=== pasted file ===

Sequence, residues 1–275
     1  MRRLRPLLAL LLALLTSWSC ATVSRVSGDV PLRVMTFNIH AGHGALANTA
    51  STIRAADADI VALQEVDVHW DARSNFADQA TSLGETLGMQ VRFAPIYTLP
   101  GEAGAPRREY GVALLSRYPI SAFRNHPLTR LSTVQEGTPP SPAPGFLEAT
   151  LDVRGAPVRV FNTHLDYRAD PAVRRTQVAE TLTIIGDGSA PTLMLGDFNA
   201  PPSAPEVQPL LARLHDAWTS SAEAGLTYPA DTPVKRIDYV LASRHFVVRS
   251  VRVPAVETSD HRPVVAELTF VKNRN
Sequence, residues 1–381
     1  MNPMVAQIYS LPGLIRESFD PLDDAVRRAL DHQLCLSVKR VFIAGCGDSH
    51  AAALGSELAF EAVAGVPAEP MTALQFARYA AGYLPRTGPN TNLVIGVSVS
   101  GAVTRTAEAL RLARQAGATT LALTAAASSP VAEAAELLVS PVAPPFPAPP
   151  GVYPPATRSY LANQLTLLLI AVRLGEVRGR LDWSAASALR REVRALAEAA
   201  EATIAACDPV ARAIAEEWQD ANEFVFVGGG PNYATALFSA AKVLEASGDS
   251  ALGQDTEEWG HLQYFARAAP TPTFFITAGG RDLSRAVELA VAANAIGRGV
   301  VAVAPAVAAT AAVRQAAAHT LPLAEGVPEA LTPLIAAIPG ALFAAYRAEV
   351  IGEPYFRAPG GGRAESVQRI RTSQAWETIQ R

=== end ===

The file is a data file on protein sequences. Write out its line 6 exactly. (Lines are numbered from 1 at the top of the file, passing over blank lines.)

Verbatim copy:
   201  PPSAPEVQPL LARLHDAWTS SAEAGLTYPA DTPVKRIDYV LASRHFVVRS